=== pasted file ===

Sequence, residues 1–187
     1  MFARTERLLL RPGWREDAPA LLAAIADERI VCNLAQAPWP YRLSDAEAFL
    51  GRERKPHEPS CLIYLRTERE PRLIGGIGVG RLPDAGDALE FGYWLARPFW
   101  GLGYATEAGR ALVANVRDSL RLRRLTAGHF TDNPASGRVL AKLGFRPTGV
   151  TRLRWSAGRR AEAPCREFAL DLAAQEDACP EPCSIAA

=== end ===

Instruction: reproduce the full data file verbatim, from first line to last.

Sequence, residues 1–187
     1  MFARTERLLL RPGWREDAPA LLAAIADERI VCNLAQAPWP YRLSDAEAFL
    51  GRERKPHEPS CLIYLRTERE PRLIGGIGVG RLPDAGDALE FGYWLARPFW
   101  GLGYATEAGR ALVANVRDSL RLRRLTAGHF TDNPASGRVL AKLGFRPTGV
   151  TRLRWSAGRR AEAPCREFAL DLAAQEDACP EPCSIAA